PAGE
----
Bible Typography Manifesto Signatories, Rejoice
It’s time you checked out the amazing new project called Bibliotheca. A full-fledged typography nerd and Bible-lover has put together a truly groundbreaking reader’s edition of the Bible. It was all a little mind-boggling when I first heard (hence the time it’s taken me to post): four separate volumes, opaque paper, a Kickstarter campaign, the ASV, two custom-designed typefaces, ragged-right type—a lot to process.
The beauty is undeniable. The designer, Adam Greene, has really done his homework (J. Mark Bertrand is the guy to follow on this—here are two great interviews and a follow-up post). The books are gorgeous and optimized for reading. Adam has read deeply in the typographic tradition, and it shows. He’s really making an advance, simply by going back to the basics. Having recently reduced my own book budget, I won’t be buying in. =( But I urge you to do so.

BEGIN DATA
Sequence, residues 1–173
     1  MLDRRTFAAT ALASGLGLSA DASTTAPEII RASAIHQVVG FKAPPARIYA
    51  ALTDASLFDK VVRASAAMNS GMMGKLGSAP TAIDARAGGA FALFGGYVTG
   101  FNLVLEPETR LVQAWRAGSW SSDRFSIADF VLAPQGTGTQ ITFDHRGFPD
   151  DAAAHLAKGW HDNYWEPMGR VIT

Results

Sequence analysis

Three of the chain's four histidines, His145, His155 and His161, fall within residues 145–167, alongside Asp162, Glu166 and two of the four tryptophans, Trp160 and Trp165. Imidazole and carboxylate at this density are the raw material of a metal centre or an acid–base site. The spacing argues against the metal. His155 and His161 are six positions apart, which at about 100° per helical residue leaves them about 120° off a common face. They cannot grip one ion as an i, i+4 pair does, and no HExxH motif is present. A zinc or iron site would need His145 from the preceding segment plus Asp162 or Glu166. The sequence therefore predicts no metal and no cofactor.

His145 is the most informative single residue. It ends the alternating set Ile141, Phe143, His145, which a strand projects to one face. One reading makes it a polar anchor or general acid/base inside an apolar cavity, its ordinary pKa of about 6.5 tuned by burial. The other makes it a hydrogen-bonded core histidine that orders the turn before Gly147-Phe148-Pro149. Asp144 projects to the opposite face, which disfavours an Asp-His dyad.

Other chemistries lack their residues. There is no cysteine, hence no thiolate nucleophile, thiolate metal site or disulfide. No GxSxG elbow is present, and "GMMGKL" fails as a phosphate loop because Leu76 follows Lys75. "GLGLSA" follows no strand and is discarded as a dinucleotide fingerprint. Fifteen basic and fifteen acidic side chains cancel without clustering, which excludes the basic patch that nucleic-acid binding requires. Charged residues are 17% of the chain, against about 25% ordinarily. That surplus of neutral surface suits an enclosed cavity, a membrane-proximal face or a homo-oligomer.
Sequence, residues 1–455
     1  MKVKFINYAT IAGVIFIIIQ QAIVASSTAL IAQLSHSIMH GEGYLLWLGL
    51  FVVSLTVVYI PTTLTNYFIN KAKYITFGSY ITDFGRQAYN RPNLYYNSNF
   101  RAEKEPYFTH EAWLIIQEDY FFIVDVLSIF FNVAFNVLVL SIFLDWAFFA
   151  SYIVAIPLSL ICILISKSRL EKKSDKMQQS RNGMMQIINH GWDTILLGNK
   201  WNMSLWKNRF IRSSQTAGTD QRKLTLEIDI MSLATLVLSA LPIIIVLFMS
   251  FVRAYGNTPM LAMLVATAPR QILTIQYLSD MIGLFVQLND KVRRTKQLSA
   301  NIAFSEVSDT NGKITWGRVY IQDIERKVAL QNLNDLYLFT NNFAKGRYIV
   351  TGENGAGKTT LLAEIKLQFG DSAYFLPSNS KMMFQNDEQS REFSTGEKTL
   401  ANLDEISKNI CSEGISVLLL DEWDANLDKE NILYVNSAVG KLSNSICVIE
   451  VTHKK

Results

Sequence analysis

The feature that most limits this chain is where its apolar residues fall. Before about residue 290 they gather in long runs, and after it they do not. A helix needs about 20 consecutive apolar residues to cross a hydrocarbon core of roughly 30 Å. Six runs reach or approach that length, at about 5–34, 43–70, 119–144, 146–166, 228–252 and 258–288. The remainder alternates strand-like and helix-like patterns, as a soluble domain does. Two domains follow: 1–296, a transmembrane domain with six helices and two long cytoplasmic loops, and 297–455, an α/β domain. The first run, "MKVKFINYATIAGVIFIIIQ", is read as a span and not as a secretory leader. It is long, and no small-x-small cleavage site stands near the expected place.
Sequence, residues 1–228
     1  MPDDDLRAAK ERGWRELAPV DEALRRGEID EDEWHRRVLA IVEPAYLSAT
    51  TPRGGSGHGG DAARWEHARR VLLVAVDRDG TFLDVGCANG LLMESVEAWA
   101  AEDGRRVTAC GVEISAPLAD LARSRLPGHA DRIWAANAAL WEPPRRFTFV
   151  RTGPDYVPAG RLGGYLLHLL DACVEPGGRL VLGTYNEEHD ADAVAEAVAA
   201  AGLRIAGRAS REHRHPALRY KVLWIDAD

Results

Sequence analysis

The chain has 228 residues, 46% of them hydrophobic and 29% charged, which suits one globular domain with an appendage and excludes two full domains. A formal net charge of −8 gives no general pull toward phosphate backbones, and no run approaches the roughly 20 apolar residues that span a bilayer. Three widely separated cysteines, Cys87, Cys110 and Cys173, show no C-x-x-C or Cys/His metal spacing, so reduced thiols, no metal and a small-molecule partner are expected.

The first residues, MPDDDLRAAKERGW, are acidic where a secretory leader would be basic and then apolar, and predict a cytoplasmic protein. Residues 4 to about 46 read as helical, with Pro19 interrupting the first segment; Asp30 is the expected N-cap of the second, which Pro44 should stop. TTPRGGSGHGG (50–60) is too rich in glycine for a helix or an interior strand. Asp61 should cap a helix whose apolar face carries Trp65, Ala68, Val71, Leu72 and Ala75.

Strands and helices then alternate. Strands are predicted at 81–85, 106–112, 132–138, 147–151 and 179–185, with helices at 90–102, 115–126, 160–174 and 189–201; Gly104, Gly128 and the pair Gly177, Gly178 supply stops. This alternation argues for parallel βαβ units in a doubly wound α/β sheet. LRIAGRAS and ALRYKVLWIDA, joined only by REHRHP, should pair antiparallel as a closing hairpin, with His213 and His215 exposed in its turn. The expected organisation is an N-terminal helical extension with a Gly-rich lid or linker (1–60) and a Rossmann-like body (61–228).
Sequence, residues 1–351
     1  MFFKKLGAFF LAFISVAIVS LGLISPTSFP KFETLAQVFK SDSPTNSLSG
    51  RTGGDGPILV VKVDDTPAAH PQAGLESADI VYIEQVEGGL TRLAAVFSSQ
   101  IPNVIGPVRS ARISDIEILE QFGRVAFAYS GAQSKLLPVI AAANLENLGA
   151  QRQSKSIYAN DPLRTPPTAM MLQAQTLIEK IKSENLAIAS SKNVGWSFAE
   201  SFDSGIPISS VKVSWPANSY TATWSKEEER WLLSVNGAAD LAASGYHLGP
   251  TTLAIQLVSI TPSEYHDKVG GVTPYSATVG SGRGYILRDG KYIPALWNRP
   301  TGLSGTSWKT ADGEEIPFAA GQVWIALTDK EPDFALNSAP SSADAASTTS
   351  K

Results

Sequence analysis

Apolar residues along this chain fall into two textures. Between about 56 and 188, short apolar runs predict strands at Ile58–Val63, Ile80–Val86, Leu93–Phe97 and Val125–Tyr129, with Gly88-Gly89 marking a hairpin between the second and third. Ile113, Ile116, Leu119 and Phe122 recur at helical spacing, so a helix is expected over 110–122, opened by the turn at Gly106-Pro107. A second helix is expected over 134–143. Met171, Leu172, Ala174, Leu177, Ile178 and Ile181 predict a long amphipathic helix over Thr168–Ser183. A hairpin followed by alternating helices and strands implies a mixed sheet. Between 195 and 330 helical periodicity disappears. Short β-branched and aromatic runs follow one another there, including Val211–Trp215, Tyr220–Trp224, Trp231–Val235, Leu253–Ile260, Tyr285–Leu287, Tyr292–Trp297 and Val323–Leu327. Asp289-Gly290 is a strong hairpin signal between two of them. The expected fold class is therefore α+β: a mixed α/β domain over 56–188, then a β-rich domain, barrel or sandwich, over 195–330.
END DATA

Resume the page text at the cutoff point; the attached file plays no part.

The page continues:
I do have a concern or two. My biggest hesitation has to do with the translation. Not only is Greene using the ASV (not the NASB, the 1901 ASV), but he’s making some unilateral (?) adjustments to it. The ones he’s described are pretty sensible (though I’d go ahead and add the vowels to YHWH—or stick with “LORD,” given the NT’s use of κύριος as a translation for יהוה), but he’s said he’s interpolating other changes from Young’s Literal Translation, and I’d feel a lot safer having a committee of biblical scholars do this work. I don’t mistrust Adam or his intentions, but since most people don’t read Greek and Hebrew (does Adam?), they’re required to trust the Bible translators behind the Bibles in their laps—and I just don’t know Adam. Also, I don’t want Bible translation to be democratized. I’ve done enough work in the biblical languages to recognize that it takes a lot of training and gifting (beyond my level) to be a good translator. Adam might do himself and all of us yet another great favor if he would ask for some help on this point. (Perhaps he has, but I haven’t seen him say so in all his public communication about Bibliotheca.)
Still, this is so exciting. What a world we live in. My heartfelt kudos to the skill and dedication of Adam Greene. Watch the video below: